The graph below shows the ups and downs of my portfolio and how it has evolved since I started documenting via this blog:
Since I now have a new injection of cash sitting in my savings accounts thanks to the sale of the flat, I need to ponder how I am going to manage this money. For now, what I am certain about is maximizing my S&S ISA for this tax year, so I decided to dollar cost average by adding £2,000 on a monthly basis as opposed to investing a lump sum, and yeah, I am boring enough to simply buy shares of a Vanguard Global Equity Fund!
This is the portfolio performance for this quarter:
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Honestly, there’s not really a lot to say. As I am exiting more and more investments, tracking my portfolio is becoming much easier, and since I am not digging into any new investments, there’s not much to comment.
Perhaps, what I would like to add is my increasing disappointment with Estateguru, most of my current loans are either defaulting or being postponed. It is taking ages to withdraw any money from this account.
Out of all my current investments via P2P, the only one I am happy with is Crowdestate.
My crypto investments aren’t playing out well either, fortunately, it is not a big amount what I have in there. lets just keep the gamble on for now.
My dividend portfolio generated €234,9 of passive income this quarter (€167.11 in the previous one). That’s a 7.41% dividend growth compared to last year’s Q2. This is despite me contributing €0 to my dividend portfolio this year since the upcoming dividend tax policy changes in the UK are putting me off investing in dividends, so that means most of this growth has been internal/organic, that is the power of compounding and dividend growth doing its job.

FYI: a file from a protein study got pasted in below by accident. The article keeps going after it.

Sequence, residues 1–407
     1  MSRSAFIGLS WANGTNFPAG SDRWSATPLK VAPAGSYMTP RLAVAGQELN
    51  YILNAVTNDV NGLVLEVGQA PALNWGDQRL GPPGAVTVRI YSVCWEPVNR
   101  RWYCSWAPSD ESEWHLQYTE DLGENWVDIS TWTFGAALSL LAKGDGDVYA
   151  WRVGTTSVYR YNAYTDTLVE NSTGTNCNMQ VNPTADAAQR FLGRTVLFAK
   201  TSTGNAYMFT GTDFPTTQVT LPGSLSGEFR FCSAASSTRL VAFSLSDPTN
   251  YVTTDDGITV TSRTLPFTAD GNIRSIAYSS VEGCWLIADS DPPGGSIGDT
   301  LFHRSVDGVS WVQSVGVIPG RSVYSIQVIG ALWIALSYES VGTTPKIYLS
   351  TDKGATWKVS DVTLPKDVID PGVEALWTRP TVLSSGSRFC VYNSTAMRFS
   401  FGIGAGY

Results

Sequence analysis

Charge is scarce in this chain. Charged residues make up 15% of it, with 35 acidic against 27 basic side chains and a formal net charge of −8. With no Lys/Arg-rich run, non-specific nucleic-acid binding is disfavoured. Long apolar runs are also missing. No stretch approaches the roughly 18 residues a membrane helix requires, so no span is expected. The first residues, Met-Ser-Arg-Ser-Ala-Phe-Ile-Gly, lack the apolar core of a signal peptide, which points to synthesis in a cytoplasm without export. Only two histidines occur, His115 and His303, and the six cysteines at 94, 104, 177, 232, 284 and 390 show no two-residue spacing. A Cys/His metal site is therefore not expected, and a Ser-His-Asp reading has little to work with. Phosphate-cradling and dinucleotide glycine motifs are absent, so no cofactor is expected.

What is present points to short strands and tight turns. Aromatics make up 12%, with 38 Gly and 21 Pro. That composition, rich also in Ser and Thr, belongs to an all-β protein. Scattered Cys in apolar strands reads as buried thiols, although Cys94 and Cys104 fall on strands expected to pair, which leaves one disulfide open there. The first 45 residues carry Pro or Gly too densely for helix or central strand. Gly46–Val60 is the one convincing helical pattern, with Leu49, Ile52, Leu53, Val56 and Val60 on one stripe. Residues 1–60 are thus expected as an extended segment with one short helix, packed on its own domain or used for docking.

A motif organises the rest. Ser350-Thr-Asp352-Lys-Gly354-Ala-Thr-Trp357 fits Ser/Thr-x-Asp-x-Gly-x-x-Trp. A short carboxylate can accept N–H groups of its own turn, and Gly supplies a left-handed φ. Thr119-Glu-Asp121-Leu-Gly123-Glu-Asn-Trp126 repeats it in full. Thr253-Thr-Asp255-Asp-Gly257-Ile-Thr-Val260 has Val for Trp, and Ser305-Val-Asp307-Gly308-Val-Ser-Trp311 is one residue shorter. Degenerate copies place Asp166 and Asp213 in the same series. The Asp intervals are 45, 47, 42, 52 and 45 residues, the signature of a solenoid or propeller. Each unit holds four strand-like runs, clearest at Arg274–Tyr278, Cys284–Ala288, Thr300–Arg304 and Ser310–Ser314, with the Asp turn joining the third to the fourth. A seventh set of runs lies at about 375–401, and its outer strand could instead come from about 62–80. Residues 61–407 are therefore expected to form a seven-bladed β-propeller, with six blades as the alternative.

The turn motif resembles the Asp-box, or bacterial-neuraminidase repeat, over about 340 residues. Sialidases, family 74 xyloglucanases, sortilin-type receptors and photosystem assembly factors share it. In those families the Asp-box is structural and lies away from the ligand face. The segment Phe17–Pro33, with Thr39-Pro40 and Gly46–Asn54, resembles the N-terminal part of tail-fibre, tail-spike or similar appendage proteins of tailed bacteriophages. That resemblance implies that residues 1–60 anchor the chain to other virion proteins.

Here’s an updated overview of my monthly dividend income so far:
This past quarter I fully sold two of my dividend stocks, that was ExxonMobil back when it was at $115 and 3M at $100.
I bought Exxon before Covid as a value investment stock with a nice yield and great paying record, I kept buying shares during Covid when everyone thought it was the end of oil. Since then, the price had more than tripled and felt a bit hot and overpriced, so I decided it was a good time to sell it. I know that this seems like timing the market, but firstly I don’t like the CEO and how much he has inflated his wages over the last year. The share price growth is mainly thanks to the increased demand for oil, and not directly because of him. Secondly, I am not too fan of oil as an investment due to its cyclicality. If I ever buy oil again, it’s highly likely to be from a European company such as Shell.
I also sold all my 3M shares as I am not too confident about how the company is going to deal with the current amount of lawsuits is facing. The risks are way too high compared to any potential growth from my point of view. It was hard to sell 3M, as I know their products are first quality, at least from what I could see in the manufacturing environment. I recall welders from my previous workplace always asking for 3M products as they last way longer and are easier to work with and were worth paying the price. This is the reason number one I got interested in 3M, but those lawsuits are just a potential business killer.
I reinvested the cash into existing stocks, I didn’t add any new ones. Most were reinvested in BlackRock, Realty Income, Johnson and Johnson, British American Tobacco, Legal And General and Home Depot.
That’s mainly all I’ve got to report for this quarter. There’s still a long journey ahead before I reach the million, but I am happy to see the progress made so far and also equities starting to gain some traction!